A safety toe protects your feet and toes from being crushed by falling or rolling items. The Thorogood Men’s American heritage Moc Toe is crafted from full-grain tobacco or tanned leather and features a shock-absorbing footbed.

Consider these ten+ Thorogood work boot reviews we conducted. We’re certain you’ll enjoy some of the models provided.

2. Ankle-high boot

Sprains and chronic ankle instability are prevented with ankle support footwear. The Caterpillar Diagnostic steel toe ankle-high boots provide optimal ankle support.

It also has Thinsulate Technology, an EVA foam insert, and gel technology.

3. Work boots with insulation

If your feet continue to freeze while working in the frigid winter months, try investing in insulated work boots. The Timberland Pro Boondock has an 8-inch shaft, a 2-inch heel, and a plush platform.

Additionally, the composite toe boot is waterproof.

4. Electric danger protection

Avoid becoming one of the electrocuted – invest in a boat equipped with electrical hazard protection, such as the Irish Setter 83605 work boot!

The 6-inch lace-up work boots include a thick rubber-Eva outsole and full-grain leather to keep you warm and safe. Additionally, the boot has Tred traction and conforms to ASTM F2413-11 standards.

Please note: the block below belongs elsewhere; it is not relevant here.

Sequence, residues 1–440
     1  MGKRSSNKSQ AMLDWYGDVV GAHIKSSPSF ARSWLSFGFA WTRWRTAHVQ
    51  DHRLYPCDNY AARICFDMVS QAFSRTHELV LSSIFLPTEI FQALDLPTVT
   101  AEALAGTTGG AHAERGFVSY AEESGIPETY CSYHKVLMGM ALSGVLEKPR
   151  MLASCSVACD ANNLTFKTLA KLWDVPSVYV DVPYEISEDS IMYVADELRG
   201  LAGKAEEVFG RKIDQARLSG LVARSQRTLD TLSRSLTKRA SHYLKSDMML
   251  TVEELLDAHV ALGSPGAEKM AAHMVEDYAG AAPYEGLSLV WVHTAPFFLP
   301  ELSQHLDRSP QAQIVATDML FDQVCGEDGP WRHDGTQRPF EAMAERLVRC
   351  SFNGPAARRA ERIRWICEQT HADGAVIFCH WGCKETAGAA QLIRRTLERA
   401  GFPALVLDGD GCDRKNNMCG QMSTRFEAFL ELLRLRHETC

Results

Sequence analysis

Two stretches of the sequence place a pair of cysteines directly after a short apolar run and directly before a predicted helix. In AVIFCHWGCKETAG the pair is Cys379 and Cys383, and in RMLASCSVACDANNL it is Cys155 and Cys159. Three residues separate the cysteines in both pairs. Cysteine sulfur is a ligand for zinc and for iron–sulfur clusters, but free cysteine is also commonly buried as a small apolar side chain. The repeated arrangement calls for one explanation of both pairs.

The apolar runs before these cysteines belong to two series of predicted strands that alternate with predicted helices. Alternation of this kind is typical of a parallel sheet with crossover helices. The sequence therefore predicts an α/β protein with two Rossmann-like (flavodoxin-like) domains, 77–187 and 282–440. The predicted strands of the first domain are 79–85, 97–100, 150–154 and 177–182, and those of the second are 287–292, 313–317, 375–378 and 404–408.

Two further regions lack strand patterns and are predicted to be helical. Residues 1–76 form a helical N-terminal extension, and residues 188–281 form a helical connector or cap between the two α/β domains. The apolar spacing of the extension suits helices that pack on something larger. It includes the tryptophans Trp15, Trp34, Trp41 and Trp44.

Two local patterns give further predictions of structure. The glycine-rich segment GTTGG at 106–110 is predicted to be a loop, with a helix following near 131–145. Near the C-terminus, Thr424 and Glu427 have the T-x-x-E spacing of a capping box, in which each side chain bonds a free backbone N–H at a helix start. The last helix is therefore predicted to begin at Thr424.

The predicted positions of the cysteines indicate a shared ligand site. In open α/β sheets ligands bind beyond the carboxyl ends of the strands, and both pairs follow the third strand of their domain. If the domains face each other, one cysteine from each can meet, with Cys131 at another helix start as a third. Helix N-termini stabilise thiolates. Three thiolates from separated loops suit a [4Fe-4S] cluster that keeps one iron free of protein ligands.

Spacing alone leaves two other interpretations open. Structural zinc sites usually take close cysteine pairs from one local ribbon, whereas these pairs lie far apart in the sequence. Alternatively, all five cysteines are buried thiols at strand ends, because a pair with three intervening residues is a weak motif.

5. PVC boots

Ordinary footwear is ruined by concrete and causes skin irritation. However, with PVC boots, you can protect yourself from damp concrete burns.

Dunlop Protective PVS Footwear is a lightweight, waterproof option. Any liquids are repelled by the Bay-Loc energy absorption system.

6. Wellington boots

If you’re working in a damp, muddy environment, the last thing you want is for water to get into your boot.

Ariat’s Men’s Workhog Wellington boot is made entirely of full-grain leather and features an 11″ shaft. The rubber sole provides adequate grip and prevents water from seeping inside.

Last words on the work boots as PPE

Work boots are equally as important as gloves, a helmet, and goggles. PPE equipment keeps you out of harm’s way when it comes to accidents and workplace risks.

While OSHO maintains quality requirements, the tax authority provides discounts on work boots. Thus, you want PPE to work boots for your business not only to comply with the law but also to ensure your safety and avoid injury!

At the end of the day, even a minor injury caused by slamming your toe against something hard might cause you to miss days or weeks of work. That implies there will be no revenue generated. And we’re sure you’re not interested in any of it!

The safety capability of a work boot is determined by its characteristics and the type of work performed. Choose a pair of work boots that matches your job, your feet, and is also comfy!